Bloomberg, citing anonymous sources "familiar with the situation", reported this week that the Trump Administration will propose that U.S. refiners be required to blend 15 billion gallons of corn ethanol with gasoline next year. If so, then the U.S. refining sector is about to be quite disappointed even as the country's ethanol and biodiesel producers feel conflicted. Candidate Trump sent mixed signals regarding the revised Renewable Fuel Standard's [RFS2] biofuel blending mandate during the 2016 presidential campaign, telling voters in Iowa that ethanol blending should be maximized during that state's caucus but then stating his opposition to the mandate's primary mechanism during the general campaign. Now, it appears that President Trump intends to move forward with the former while throwing a token measure of relief to refiners while they wait for a meaningful change to the latter.
According to Bloomberg, The Trump Administration's Environmental Protection Agency [EPA], which is now led by long-time EPA- and RFS2-opponent Scott Pruitt, will soon propose that corn ethanol blending next year be set at the 15 billion gallon mark that is the maximum allowed by law. Merchant refiners in particular have actively lobbied since 2013 for this volume to be reduced, claiming that the 10 vol%, or E10, blend wall and a lack of sufficient blending capacity make the statutory volumes unreasonably expensive to comply with. An initial victory in 2013 ultimately came to naught, however, and it now appears that Mr. Trump will follow in his predecessor's footsteps by allowing corn ethanol to achieve its maximum legal volume.
The reaction by U.S. ethanol producers was lukewarm, with only the share price of integrated ag firm Archer Daniels Midland (ADM) outperforming the broader S&P 500 index after the day's announcement (see figure). The share prices of less-diversified producers such as The Andersons (ANDE), Green Plains (GPRE), Pacific Ethanol (NASDAQ:PEIX), and REX American Resources (REX), as well as logistics MLP Green Plains Partners (GPP) all moved decidedly lower on the news. Some of this could reflect disappointment that Mr. Trump is not expected to propose similar treatment of the other non-corn biofuel categories. His administration's proposal would actually reduce the amount of advanced biofuel, which includes cane ethanol and biodiesel but not corn ethanol, from 4.28 billion gallons this year to 4.24 billion gallons in 2018. This reduction largely reflects a 23% YoY decrease to the amount of cellulosic biofuel that must be blended (a category that has admittedly fallen well short of the production volumes needed for its mandate to be met); excluding the cellulosic biofuel volumes, the proposal would represent a 0.8% YoY increase to the advanced biofuel volume next year. The original legislation called for at least a 13% YoY increase to the advanced biofuel volume (excluding cellulosic biofuel), however, making the Trump Administration's proposal far more restrictive than advanced biofuel producers had hoped for.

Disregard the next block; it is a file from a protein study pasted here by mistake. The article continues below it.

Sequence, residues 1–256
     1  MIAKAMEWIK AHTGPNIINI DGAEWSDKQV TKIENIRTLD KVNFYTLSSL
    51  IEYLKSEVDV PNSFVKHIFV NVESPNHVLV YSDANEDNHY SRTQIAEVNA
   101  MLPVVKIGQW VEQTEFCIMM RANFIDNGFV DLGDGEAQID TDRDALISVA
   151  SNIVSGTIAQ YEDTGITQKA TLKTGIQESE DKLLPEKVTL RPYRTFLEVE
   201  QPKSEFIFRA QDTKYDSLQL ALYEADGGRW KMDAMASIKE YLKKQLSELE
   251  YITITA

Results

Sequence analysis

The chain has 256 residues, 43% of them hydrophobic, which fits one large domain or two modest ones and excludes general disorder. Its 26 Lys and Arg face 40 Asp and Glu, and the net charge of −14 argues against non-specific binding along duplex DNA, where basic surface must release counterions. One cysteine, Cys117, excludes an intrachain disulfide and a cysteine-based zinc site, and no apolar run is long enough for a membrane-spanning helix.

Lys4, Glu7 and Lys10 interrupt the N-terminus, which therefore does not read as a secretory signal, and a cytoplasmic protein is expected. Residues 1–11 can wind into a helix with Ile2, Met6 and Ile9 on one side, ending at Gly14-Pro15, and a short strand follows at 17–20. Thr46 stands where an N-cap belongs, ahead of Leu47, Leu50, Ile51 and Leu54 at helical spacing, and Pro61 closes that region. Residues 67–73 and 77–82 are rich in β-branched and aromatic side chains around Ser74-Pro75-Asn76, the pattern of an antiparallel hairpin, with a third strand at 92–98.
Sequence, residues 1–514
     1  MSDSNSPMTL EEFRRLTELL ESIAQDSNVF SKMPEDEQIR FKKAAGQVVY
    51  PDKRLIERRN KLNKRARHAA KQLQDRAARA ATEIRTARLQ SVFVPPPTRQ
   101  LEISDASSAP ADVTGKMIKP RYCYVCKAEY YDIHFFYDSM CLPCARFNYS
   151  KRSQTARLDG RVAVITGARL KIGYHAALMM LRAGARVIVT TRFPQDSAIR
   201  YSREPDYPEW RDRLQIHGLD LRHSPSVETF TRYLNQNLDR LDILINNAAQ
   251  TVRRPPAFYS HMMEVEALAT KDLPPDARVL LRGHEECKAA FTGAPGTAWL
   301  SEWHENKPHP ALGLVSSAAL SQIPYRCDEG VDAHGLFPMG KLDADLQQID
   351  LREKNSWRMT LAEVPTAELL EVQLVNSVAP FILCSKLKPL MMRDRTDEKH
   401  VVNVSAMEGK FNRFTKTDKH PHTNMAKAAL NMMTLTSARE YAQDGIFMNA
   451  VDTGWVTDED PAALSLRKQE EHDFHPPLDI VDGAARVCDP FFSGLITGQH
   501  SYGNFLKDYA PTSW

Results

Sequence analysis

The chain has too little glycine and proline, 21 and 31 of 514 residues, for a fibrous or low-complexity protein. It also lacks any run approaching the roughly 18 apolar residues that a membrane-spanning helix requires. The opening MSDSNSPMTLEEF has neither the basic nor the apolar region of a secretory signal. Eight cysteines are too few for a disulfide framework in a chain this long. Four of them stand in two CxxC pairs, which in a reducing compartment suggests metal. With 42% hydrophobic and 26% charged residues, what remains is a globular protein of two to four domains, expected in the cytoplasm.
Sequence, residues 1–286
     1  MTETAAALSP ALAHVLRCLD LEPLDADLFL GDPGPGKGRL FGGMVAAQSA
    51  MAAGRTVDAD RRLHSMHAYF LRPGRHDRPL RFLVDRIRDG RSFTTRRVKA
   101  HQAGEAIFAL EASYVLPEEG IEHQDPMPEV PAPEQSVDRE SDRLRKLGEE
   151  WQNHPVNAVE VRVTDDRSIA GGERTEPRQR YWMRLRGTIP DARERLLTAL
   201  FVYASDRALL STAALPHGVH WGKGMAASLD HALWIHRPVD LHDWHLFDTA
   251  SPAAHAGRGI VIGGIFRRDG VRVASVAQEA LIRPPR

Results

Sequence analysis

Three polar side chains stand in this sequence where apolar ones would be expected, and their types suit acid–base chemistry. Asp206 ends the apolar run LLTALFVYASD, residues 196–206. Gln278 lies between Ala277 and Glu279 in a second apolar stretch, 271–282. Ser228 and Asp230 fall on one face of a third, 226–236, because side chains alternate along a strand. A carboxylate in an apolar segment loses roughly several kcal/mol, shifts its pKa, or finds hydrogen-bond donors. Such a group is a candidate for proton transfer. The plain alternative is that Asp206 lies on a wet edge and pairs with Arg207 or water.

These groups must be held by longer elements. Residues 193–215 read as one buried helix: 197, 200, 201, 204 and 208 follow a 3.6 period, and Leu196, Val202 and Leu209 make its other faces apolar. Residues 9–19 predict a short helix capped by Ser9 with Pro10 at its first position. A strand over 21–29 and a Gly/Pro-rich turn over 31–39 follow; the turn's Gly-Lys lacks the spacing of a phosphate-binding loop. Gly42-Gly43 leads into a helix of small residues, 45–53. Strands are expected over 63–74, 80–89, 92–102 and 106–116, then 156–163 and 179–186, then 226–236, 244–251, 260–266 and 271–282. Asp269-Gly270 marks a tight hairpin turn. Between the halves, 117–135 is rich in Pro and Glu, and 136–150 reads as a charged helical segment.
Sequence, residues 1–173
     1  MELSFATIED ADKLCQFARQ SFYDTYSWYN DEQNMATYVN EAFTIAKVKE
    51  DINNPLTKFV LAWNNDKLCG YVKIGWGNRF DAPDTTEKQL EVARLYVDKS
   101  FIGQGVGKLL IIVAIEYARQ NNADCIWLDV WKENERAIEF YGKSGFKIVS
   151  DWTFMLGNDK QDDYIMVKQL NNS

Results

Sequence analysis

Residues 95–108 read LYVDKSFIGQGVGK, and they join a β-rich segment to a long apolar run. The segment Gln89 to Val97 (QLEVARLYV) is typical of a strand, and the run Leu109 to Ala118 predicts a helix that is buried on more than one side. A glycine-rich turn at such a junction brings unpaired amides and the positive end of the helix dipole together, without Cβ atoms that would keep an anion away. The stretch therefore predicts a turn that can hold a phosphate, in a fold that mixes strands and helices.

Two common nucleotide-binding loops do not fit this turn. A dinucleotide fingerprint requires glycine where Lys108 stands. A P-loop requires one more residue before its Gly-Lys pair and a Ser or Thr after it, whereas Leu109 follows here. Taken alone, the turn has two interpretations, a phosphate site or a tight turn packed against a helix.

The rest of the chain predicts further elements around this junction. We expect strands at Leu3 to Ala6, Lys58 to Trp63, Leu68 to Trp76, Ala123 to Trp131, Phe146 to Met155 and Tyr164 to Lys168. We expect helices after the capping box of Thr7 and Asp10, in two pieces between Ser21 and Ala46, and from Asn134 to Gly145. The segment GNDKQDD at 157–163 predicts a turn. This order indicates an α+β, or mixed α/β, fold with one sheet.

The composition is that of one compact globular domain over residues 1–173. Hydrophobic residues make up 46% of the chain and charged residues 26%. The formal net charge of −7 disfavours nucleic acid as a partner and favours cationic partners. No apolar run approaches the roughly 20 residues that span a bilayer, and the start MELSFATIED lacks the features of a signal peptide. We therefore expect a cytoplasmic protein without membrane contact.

This disappointment was evident in the share prices of biodiesel producers FutureFuel (FF) and Renewable Energy Group (REGI), the latter of which was also affected by the unexpected departure of President and CEO Daniel Oh (see figure). Biodiesel does not face the same blending restrictions as ethanol (most new and unmodified diesel fuel engines are approved for use with biodiesel blends of up to 25 vol%, whereas new and unmodified gasoline engines are broadly limited to 15 vol% at most) and biodiesel producers have lobbied for their fuel to be allowed to make up some of the shortfall in cellulosic biofuel production, the latter of which was expected under the RFS2's creating legislation to reach 7 billion gallons next year. It appears that the Trump Administration has not been swayed by biodiesel's low pollution emissions but high costs compared to diesel fuel.
This was little consolation to investors in those refiners that have been most exposed (at least nominally) to the mandate's costs such as CVR Refining (CVRR), Delek US Holdings (DK), HollyFrontier (HFC), PBF Energy (PBF), and Valero (NYSE:VLO). Their share prices all turned sharply lower as the news of the Trump Administration's pending move was released, led by that of CVR Refining. That company's loud reporting of its compliance-related expenditures under the mandate and the close relationship between owner Carl Icahn and Mr. Trump meant that its investors were especially disappointed by the report. The proposal doesn't preclude Mr. Trump from reducing refiners' compliance expenditures in the future by adopting Mr. Icahn's proposed changes to the RFS2, but it does make it the only route left to refiners for such a result and one that is fading in likelihood at that.
Mr. Trump appears to be keeping his promise to Midwestern voters in a move that will pay dividends if he runs for re-election in 2020. Investors in all of the impacted industries were less enthusiastic upon hearing the news, however, as reflected by the fact that the share price of Archer Daniels Midland was the only one of the 13 companies listed to end the day in positive territory. By trying to provide something for most of the affected sectors, the proposed volumes appear to have left them all underwhelmed. Investors can expect all of these companies to have much to say during the EPA's public comment period that will occur before the proposal is supposed to be finalized later this year.
Disclosure: I am/we are long FF, REGI, PBF.
I wrote this article myself, and it expresses my own opinions. I am not receiving compensation for it (other than from Seeking Alpha). I have no business relationship with any company whose stock is mentioned in this article.